The game features overhead multiplayer action for up to 4 players. Co-op isn't drop in/out, but hosted sessions only. If these sessions end, players are free to continue their experience in single player mode from where they left off. Players can communicate with each other using pre-recorded classic specific shout-outs or by using the built-in voice chat.
At the start of the game, the player is given a template for their own character which they can customize to a limited degree. This is supposed to "personalize" the game more, making the player feel more connected with the character in question. The first aspect of character creation is the class system of which there are five to choose from: jock, bookworm, rocker, goth and preppy (based on the Americanized school archetypes). Each class will give a slight boost to certain stats.
The player will also have full control of their character's gender, face, hair style, hair color, outfit, skin tone and accessories. These accessories are purchased from an in-game shop using memory residue (in-game loot) which is run by Howard Blackwood. Accessories range from traditional fare (such as glasses) to fan-service items (such as Robbie masks, Princess Heart earmuffs and even a "Pyramid Head").
The game is puzzle-based, taking place in isometric auto-generated zones, where the players must complete challenges (essentially single-room enemy gauntlets) in order to collect puzzle pieces which are used in conjunction with clues, to solve a puzzle located at the end of each zone/level. Once the player has navigated through three zones, they are then faced with a boss battle. There are also various sidequests made available to the player, such as completing zone-wide missions, locating notes and TV broadcasts, hunting down particular creatures, and collecting loot (memory residue). Valtiel serves the role of quest-giver and rewards the player upon the completion of a quest. All of the quests, puzzles, and dungeons are auto-generated.
While progressing through these zones, the player can find and equip weapons. All weapons have a durability level and/or ammo count depending on whether the weapon is ranged or melee. Some of the weapons available to the player are from previous titles, including; the Hyper Spray, Great Knife and the Sword of Obedience. Players will also be able to equip "artifacts", which are trinkets/talismans that boost RPG-esque stats, such as strength or endurance. These items are modeled around objects that have appeared in previous titles, such as the Channeling Stone from Silent Hill. It has also been confirmed that players can share items with other players.
There is a large focus on combat in Book of Memories, including the ability to harness special powers which can assist the player in combat. Creatures are separated into three categories: "Blood", "Light" and "Steel". Killing enemies that belong to either the Blood or Light affinity will spill pools of their opposing element. The messier the kill, the more that is spilled. These pools are then collected and measured in conjunction with a new gameplay element known as the "Karma Meter". This meter controls what powers are unlocked and usable at a given time. If the player is more inclined towards Blood (killing Light creatures), they will unlock destructive abilities (Typical DPS) while Light (killing Blood creatures) unlocks powers focused on healing and protection. The Steel category is composed of creatures with more power than the other two categories and that do not affect the karma meter when killed. Players can wield two weapons at a given time depending on the weapons.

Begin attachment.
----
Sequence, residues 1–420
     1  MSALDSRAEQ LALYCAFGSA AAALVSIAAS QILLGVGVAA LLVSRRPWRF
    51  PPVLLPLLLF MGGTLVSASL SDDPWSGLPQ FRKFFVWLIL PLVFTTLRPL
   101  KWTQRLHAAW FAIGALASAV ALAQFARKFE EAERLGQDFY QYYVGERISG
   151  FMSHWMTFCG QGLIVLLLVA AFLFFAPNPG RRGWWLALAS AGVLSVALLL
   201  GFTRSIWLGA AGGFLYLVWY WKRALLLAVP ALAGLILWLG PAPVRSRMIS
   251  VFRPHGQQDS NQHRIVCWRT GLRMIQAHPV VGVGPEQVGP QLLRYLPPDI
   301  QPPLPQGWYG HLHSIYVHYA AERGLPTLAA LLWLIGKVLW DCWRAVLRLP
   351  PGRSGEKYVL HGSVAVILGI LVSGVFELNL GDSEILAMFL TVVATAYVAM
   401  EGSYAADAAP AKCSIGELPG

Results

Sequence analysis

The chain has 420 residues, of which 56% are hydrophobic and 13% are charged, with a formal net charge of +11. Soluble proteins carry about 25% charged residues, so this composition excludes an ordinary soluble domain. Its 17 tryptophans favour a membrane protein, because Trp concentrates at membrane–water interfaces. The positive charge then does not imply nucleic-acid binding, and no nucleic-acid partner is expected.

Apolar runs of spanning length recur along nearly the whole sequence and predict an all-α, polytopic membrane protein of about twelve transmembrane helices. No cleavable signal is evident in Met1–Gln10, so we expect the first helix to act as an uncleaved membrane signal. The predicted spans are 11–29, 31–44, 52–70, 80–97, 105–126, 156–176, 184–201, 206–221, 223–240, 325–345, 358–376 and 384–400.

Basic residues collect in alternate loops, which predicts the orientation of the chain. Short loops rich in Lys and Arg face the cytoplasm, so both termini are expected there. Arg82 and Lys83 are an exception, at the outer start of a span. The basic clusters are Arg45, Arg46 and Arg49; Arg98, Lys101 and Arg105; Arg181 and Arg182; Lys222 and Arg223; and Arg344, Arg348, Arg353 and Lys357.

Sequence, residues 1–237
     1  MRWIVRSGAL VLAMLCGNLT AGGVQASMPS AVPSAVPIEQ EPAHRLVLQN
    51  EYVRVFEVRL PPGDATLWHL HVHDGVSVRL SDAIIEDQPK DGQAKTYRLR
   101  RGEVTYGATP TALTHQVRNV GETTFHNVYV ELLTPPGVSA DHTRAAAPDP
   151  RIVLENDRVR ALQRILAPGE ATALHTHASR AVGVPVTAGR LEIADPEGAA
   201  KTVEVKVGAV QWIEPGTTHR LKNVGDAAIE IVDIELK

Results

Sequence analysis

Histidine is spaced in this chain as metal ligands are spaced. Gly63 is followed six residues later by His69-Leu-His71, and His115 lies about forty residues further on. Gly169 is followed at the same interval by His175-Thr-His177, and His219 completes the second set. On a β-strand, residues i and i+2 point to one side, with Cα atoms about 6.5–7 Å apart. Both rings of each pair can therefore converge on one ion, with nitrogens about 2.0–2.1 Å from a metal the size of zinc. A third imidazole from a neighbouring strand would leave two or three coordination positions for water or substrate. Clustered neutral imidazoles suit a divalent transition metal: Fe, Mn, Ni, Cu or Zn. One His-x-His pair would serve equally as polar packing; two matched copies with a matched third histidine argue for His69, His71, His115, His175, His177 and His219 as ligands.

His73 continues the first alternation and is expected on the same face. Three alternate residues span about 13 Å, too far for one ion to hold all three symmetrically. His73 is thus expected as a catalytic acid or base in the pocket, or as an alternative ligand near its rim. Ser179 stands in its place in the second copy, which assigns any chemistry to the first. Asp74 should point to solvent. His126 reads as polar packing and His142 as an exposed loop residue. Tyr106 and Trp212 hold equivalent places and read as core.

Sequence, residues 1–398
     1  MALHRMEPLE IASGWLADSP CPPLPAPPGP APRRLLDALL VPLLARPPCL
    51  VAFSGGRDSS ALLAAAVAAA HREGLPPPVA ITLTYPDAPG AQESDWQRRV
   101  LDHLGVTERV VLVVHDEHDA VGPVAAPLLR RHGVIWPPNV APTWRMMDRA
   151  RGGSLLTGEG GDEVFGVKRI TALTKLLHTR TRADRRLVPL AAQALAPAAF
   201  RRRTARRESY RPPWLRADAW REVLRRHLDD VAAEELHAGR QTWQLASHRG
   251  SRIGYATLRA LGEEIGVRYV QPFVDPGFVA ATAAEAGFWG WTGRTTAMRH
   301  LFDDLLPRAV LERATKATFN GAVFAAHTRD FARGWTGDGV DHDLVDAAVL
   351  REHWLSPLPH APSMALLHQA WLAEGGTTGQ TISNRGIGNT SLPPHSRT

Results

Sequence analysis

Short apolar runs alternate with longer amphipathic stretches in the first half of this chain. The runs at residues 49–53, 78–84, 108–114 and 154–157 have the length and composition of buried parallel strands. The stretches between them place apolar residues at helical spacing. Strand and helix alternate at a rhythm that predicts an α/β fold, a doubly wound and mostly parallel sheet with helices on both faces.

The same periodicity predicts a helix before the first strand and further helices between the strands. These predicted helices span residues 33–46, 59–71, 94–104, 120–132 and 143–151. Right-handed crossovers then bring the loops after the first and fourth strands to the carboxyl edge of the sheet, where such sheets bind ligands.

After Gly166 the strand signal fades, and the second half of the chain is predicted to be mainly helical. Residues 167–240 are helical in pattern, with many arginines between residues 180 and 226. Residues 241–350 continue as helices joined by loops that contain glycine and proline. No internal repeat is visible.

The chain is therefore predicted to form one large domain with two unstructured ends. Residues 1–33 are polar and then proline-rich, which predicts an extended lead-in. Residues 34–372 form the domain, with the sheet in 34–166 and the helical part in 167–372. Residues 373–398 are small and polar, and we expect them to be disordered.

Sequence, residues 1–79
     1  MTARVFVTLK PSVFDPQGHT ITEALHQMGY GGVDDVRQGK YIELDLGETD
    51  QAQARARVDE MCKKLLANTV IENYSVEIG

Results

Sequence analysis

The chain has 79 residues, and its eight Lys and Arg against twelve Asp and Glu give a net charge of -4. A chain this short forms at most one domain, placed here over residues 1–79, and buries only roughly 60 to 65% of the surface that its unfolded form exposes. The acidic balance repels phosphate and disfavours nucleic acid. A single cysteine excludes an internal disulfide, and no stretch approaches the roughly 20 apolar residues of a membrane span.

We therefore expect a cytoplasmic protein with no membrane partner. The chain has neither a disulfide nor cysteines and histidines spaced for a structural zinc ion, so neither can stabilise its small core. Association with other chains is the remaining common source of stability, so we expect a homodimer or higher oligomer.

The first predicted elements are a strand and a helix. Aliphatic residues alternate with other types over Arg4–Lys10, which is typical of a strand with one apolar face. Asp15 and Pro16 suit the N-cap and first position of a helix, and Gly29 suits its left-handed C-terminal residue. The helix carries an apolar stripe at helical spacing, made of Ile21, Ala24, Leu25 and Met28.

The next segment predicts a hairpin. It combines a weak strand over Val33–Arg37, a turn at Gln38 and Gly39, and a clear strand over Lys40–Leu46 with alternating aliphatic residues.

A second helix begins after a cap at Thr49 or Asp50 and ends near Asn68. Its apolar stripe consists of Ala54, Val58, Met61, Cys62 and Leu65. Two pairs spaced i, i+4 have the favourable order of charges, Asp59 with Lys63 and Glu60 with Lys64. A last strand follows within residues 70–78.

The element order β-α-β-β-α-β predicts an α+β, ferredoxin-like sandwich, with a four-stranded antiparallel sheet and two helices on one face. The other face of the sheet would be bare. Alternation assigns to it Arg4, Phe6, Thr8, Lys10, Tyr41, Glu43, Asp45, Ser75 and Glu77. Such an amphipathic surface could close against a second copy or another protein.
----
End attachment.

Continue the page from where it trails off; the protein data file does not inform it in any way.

- This marks the second Silent Hill game in the series in which protagonists are able to manipulate magical/supernatural powers, the original being Silent Hill 3 protagonist Heather Mason. Her powers, however, were not as avidly used as that of the characters in Book of Memories.
- The storyline is reminiscent of Dying Inside, in which a teenage punk girl receives a magical book in the mail (albeit through eBay). She then travels to Silent Hill with her high school friends.
The game has received mixed to positive reviews on MetaCritic. Fan rating is mixed at 7.1, which critics giving the game a positive rating of 80. Hardcore Gamer Mag gave it an 80/100, saying: "While survival horror purists may balk at the concept, anyone a fan of top-down action/RPGs, deep gameplay and a interesting story will find not only the most addicting multiplayer Vita game to date, but the best Silent Hill in recent memory."
As of October 31, the game was rated 6.3 out of 32 ratings on MetaCritic. 
While Greg Miller of IGN gave the game a score of 6.0 and said: "Flawed, but fun", he added: "Silent Hill: Book of Memories isn't a good game, but it's one I keep coming back and playing. While we were tantalized with the Diablo-like gameplay of Warrior's Lair (a crossplay dungeon crawler) before the PlayStation Vita launched, the game formerly known as Ruin hasn't been seen or heard from in months. Development hell, they call it. Now, Silent Hill is here to fill that void, but it does so without any style or polish". He concluded with: "If you just want dungeons to crawl through and couldn't care less about polished menus and engaging stories, great."
Overall, old players of Silent Hill have overwhelmingly rejected the game for deviating from the general themes of the series, but the game has garnered its own fans amongst newcomers.